I’m not an expert on Baltimore, by any means. I’ve never lived there. I was born in Towson and grew up in Carroll County. But Baltimore was my first exposure to City and all that big “C” entails. The redeveloped Harborplace of the early 80s. Field trips to the National Aquarium, before it was $35 per person. Seeing traveling Broadway productions at the Morris Mechanic Theatre, now being turned into brutalist rubble. It pains me to see the amazingly beautiful stretches of Baltimore neighborhoods underused.
We visited the Maryland Zoo in Baltimore last weekend (terrible name, change it back to Baltimore Zoo as soon as you possibly can, regardless of who is footing the bill). I don’t think I had been by Druid Hill Park since my last visit to the zoo 30 years ago. Baltimore, its fine bones seen from train or car window, is a place worth restoring. Easy access to interstates and suburbs and the gutting of public transportation caused a fast and sudden osmosis of talent and neighbors in the 1950s and 60s. The collapse of industry in the 1980s finished off many other human resources.
Driving past Druid Park, I thought of what was, and what could be. The Zoo is rather fascinating in terms of its long institutional history. With roots extending to the 1860s, there are institutional artifacts littering the property. Other institutions may have torn them down, but they provide fascinating layers of cultural heritage to view. Why not celebrate that heritage with some interpretive signage? (Disclaimer: I could have missed labels, now that I have a son). Instead of taking the tram from the entry gates, we walked to the park, past stone foundations of unknown purpose. Ancient pagoda-like wood aviaries (possibly?) sat behind a “Staff Only” sign near the entrance. My father remembered visiting the zoo in the 1950s, when you could drive through it. I think that the relics of the many previous incarnations of the zoo tell a great story on their own and deserve interpretation.
The grand Mansion House Pavilion (1801) belies the donation of the Rogers Family of their estate to Baltimore during the mid-19th century parks movement. Entry to the zoo takes you past the fantastical Howard Peters Rawlings Conservatory and Botanic Gardens of Baltimore. Late nineteenth century bits of revival architecture litter the landscape, speaking of former fountains, rail lines through the park, and other social ideas left to deteriorate. During my years here in New York, I’m amazed at what types of structures can no longer exist within my adopted city due to its ravenous developers and boom boom boom mentality, but are preserved in others.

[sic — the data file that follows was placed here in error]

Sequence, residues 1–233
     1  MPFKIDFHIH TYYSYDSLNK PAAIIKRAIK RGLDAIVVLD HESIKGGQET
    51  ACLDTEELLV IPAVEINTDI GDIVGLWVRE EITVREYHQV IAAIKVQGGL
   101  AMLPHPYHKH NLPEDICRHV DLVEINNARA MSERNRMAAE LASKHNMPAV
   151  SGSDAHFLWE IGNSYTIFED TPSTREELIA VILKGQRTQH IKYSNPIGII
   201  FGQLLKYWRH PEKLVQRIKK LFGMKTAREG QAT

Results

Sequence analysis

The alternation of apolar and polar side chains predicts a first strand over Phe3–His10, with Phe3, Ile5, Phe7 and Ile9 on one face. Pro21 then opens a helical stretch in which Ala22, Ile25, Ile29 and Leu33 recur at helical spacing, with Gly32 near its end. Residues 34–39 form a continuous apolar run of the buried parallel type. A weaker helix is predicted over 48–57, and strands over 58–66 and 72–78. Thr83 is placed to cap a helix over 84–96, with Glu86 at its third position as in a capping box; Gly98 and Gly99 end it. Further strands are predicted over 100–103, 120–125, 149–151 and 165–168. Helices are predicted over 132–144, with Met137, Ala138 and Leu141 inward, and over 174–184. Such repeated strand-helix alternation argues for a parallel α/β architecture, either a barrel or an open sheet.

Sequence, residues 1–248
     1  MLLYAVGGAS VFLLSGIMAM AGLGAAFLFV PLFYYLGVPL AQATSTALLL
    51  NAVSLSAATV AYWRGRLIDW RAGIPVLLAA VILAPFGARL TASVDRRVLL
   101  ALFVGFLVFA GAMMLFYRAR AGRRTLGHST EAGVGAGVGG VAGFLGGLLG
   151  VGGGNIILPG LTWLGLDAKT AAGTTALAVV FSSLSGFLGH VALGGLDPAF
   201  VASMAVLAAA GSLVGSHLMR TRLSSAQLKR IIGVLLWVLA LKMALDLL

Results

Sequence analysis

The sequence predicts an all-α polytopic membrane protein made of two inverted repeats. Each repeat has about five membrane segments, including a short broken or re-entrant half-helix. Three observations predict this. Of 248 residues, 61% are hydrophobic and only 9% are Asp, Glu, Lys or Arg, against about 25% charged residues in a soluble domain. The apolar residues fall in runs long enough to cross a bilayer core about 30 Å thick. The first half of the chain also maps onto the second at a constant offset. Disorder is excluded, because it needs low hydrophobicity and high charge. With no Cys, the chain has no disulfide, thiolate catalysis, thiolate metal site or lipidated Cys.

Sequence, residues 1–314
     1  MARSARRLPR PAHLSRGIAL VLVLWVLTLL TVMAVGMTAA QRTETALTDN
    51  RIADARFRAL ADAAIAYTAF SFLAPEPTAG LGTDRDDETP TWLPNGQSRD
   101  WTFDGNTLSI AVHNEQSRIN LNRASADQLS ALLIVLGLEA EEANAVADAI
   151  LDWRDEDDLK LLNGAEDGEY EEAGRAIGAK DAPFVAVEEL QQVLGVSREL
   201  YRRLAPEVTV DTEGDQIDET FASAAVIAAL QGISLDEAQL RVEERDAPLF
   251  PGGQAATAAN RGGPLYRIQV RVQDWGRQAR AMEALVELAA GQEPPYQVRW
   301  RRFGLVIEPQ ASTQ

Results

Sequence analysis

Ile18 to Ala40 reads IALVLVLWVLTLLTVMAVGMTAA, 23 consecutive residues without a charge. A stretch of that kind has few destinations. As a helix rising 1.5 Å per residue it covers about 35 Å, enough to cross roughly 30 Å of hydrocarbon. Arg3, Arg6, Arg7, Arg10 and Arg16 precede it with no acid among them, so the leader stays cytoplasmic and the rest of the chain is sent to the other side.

Nearby stand landmarks to public transportation, the City Beautiful movement, Jewish heritage, and more complicated stories of segregation (the white tennis courts were integrated by 24 African-American players in 1948, and arrested for doing so) and anti-immigrant politics. Shaarei Tfiloh Synagogue is a beautiful, rock-faced 1920s structure that served Eastern European immigrants until their move to suburbs like Pikesville in the 1960s. Interestingly, the Young Men’s and Women’s Hebrew Association used the Mansion House in the zoo in the 1940s for meetings.
Amazingly, the car barns for the Baltimore City Passenger Railway Park Terminal line the route. A Doorway beckons mysteriously “Waiting Room.” These buildings are rare veterans of the streetcar era and have repurposing by the MTA as a bus depot and urban blight to thank for their survival. (I’m surprised some rail fan hasn’t made this complex their mission and created an online monument to it). As noted by many streetcar-friendly urban planners and historic preservationists, streetcars foster greater economic development along their entire length than bus routes. The Baltimore streetcar lines were famous, and could be a force for revitalizing past City Beautiful investments.